Date of Award
Doctor of Philosophy (PhD)
Chad D. Ellett
The purpose for this study was fourfold. First, a conceptual model was developed to help understand teacher perceptions of the schools' professional culture, teachers' self-efficacy beliefs, participation in decision making and linkages to school effectiveness. Second, an original measure of teachers' self-efficacy beliefs about their own teaching effectiveness was developed and tested. Third, characteristics of the measures (quantitative and qualitative) were reported. Fourth differences in the mediating variables related to school effectiveness were examined. A stratified sample made up of 1,057 total school faculty in 41 elementary schools representing the uppermost and lower most quartiles of poverty in a southern state was used. Complete and useable data were collected from 555 teachers in 34 schools. Three measures were used for quantitative analyses: the Revised School Culture Elements Questionnaire-Short Form, the Teachers' Self-Efficacy Beliefs Scale-Short-Form, and the Teacher Decision-Making Scale. Case study research enhanced the study by providing additional data from twelve teachers in two schools. Data collection tools included the focus group protocol, contextual observation checklist, and existing school improvement plans. Major findings of this study showed: (1) a statistically significant and strong positive relationship between teacher perceptions of the school's professional culture and school effectiveness, (2) that the strength of teachers' self-efficacy beliefs was linked to the schools' professional culture and to school effectiveness, (3) teacher participation in decision-making was not directly related to school effectiveness, but rather to dimensions of the school's professional culture, and (4) qualitative analyses enhanced the quantitative findings and helped provide meaningful explanations, supported the trustworthiness of the study, and clarified the study findings. The results in this study supported the theoretical framework used to understand the schools' professional culture, teachers' self-efficacy beliefs, and participation in decision making as part of each school's dynamic social system. Collectively, the study variables represent complex process dimensions that can be used to understand how to create a school that demonstrates quality and effectiveness.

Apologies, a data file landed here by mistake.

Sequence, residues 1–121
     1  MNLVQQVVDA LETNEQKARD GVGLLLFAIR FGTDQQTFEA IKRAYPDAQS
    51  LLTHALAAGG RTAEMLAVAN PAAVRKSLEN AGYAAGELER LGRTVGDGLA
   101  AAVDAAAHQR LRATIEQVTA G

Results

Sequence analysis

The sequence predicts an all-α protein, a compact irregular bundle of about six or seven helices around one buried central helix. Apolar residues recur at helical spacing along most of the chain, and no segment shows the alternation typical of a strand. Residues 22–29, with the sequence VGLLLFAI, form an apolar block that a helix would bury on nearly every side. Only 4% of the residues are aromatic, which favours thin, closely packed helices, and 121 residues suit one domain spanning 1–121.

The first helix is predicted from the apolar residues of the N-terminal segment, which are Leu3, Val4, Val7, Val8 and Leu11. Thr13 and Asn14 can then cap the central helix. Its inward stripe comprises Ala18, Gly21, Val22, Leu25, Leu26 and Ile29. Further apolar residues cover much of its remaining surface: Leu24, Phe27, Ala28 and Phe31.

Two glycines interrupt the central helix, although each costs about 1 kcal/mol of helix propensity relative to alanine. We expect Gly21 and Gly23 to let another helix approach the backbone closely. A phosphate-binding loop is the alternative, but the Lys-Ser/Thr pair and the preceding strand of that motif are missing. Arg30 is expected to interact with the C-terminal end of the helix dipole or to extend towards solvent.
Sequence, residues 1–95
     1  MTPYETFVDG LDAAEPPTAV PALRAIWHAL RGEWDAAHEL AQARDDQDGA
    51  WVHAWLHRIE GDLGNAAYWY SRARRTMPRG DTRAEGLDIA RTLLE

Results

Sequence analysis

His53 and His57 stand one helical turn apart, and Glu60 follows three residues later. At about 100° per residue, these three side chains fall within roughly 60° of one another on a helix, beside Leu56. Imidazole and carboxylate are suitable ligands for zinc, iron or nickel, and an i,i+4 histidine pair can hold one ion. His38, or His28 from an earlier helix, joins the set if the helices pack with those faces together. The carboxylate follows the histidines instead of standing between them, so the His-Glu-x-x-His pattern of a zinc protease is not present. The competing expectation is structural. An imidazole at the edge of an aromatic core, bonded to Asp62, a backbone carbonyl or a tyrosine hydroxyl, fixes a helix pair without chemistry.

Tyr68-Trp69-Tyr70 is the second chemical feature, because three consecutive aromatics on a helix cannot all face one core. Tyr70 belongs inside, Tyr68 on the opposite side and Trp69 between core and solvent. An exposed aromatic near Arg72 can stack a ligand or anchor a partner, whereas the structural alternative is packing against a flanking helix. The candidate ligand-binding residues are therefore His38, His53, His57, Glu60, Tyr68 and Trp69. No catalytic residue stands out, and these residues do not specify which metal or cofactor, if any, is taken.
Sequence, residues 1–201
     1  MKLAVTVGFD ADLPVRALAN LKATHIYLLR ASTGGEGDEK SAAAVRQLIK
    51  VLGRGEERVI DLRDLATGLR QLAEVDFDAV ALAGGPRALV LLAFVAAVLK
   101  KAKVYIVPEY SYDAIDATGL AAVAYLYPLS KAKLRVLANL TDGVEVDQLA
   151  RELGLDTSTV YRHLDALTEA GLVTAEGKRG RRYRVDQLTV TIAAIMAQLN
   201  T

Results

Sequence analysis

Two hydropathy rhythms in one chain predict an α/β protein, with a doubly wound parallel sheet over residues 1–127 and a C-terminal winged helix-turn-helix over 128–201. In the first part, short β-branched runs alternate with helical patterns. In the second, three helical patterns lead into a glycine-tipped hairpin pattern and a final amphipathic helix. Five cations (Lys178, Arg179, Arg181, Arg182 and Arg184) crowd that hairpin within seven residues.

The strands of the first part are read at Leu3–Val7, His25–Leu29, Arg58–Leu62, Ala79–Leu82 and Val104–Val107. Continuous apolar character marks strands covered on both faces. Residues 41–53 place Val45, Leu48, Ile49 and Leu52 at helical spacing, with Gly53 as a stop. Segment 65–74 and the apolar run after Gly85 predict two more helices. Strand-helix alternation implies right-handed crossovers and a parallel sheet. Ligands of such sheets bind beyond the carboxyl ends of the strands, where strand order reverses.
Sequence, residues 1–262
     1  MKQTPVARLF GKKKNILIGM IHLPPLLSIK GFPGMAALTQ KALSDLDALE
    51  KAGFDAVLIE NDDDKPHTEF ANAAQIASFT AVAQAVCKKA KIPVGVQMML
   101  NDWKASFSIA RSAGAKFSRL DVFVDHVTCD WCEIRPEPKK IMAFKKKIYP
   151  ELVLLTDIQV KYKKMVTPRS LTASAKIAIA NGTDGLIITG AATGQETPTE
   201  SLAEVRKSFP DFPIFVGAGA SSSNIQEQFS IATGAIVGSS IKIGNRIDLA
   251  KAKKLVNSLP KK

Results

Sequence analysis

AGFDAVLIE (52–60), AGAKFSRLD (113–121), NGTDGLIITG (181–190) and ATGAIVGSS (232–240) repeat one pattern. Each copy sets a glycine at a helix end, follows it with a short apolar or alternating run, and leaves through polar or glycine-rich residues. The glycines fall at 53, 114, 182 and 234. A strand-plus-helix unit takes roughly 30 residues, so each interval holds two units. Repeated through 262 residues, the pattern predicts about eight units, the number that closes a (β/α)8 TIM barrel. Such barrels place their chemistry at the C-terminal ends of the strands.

Bobbett, Jacquline Jeanine, "School Culture, Teacher Efficacy, and Decision -Making in Demonstrably Effective and Ineffective Schools." (2001). LSU Historical Dissertations and Theses. 333.